Interest rate jitters spark heavy shares sell-off on London market

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The Independent Online

Fears of another unexpected increase in interest rates at noon today sparked a sell-off on the London stock market yesterday, with £12.7bn wiped off the value of the FTSE 100.

A jump in prices on the high street and a third consecutive month of growth in manufacturing figures published yesterday added to the nerves.

"Unchanged interest rates seem a pretty safe bet [today] although we admit that we would have lost such a bet in August," Howard Archer, UK economist at Global Insight, said.

However, all 54 analysts polled by Reuters said the Bank of England would keep its powder dry today, with 40 saying its Monetary Policy Committee would wait until November to raise the base rate to 5 per cent.

Yesterday, official figures showed factory output rose 0.2 per cent in July. The chemicals industry made the largest contribution with a 3.7 per cent surge in pharmaceuticals to a record level.

Analysts said continued growth was encouraging but not spectacular. "Increasingly, it looks like the opportunity for a substantial manufacturing recovery looks to have passed," John Butler, the chief UK economist at HSBC, said.

Shop prices rose last month at their fastest rate in more than two years, according to a British Retail Consortium survey.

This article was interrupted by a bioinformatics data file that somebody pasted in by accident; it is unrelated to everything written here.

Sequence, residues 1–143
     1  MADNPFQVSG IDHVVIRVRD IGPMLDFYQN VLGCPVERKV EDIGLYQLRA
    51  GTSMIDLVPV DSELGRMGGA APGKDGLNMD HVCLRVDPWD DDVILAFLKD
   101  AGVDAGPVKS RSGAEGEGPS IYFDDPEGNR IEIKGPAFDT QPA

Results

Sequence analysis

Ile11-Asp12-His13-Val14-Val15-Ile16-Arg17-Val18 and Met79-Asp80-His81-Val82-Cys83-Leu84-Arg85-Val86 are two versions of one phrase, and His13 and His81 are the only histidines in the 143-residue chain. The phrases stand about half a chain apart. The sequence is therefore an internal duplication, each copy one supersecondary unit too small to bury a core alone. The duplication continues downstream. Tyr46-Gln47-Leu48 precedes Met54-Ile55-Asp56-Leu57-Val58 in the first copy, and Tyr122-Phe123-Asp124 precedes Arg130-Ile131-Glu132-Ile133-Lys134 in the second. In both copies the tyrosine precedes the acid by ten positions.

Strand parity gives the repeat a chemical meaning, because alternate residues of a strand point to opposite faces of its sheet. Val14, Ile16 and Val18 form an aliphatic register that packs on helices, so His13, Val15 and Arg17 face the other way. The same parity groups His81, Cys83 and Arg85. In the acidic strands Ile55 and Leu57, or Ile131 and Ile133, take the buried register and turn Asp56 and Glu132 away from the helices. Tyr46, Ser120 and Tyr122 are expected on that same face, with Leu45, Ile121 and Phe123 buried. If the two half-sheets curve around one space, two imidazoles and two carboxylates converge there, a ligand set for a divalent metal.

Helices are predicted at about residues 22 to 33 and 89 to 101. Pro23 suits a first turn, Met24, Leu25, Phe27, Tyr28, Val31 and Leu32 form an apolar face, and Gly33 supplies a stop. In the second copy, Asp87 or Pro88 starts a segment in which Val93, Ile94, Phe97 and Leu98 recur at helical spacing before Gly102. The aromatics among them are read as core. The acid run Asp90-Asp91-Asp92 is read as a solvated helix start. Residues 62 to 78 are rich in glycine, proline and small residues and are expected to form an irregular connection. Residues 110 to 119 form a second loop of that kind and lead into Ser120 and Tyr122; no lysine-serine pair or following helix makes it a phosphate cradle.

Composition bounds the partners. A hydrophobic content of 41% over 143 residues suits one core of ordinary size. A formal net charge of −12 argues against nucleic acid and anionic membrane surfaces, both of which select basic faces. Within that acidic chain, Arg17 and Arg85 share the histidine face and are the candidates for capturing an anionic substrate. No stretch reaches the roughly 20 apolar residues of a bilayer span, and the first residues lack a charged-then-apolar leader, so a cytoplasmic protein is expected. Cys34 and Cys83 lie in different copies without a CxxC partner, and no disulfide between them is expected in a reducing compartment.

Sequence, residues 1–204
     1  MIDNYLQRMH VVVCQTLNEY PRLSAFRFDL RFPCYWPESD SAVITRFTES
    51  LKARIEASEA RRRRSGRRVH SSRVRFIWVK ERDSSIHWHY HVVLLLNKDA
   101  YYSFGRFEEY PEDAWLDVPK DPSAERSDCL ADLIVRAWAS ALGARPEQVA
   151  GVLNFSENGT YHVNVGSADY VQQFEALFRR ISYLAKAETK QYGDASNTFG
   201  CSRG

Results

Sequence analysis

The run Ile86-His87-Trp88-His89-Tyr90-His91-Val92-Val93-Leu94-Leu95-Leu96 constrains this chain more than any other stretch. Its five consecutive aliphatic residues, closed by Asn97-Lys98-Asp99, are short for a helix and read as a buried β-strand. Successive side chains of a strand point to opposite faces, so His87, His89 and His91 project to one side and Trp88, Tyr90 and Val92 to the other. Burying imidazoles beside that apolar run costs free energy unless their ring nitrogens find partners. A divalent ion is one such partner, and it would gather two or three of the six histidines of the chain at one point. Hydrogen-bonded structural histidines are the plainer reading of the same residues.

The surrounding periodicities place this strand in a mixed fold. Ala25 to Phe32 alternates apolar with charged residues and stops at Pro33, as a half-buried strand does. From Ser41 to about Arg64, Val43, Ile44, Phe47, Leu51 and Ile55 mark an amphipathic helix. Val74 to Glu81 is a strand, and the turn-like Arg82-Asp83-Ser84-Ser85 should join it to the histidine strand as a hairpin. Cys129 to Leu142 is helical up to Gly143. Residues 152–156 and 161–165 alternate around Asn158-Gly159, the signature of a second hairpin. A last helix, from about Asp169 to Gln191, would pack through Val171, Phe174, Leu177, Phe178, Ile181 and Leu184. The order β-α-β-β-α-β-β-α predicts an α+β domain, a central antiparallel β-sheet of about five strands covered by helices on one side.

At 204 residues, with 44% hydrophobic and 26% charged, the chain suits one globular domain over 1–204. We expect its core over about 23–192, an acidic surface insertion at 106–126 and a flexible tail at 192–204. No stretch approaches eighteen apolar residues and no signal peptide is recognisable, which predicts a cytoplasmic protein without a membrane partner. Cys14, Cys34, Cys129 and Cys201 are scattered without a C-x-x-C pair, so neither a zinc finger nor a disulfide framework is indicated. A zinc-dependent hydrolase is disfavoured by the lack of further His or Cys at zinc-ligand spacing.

The BRC said its August shop prices index was up 1.4 per cent compared with a year ago, an acceleration from July's 0.69 per cent increase and the fastest rate since May 2004. Heavy discounting in August last year boosted the annual comparison, the BRC said.

The National Institute of Economic and Social Research, an independent think-tank, said its projections showed the economy grew 0.8 per cent in the three months to August, well above the accepted trend rate of about 0.65 per cent.

Martin Weale, its director, said: "GDP continues to grow above trend. It is likely that there will be a need for further interest rate rises."

The FTSE 100 index of leading shares fell 52 points, or 0.9 per cent, to 5929.3. "The Bank raising interest rates may still be unlikely to happen, but it has depressed the market and people are worrying about it," a trader said.

Analysts agree the likelihood and timing of any rate rise would depend on the data over the next two months and the MPC's attitude towards rising inflation.

"As the MPC meet in November, they will expect that inflation is likely to run near 3 per cent well into the second quarter of 2007," Malcolm Barr, the UK economist at JP Morgan, said.

"The prospect of a move up in rates in November reflects the MPC's desire to ensure a higher level of inflation does not get embedded in the system, rather than the contemporaneous strength of growth."

Meanwhile there was fresh evidence of the downside risks to growth from a survey showing that optimism among consumer services firms had slumped.

The CBI's survey of 135 firms showed the turnover of firms dealing directly with consumers had suffered their sharpest fall since the aftermath of the September 11 terrorist attacks. It said rising household bills and fears of rate rises had led consumers to spend less on social activities over the latest three months.

It contrasted with professional services firms that grew faster than expected and separate figures pointing to healthy conditions on the high street.

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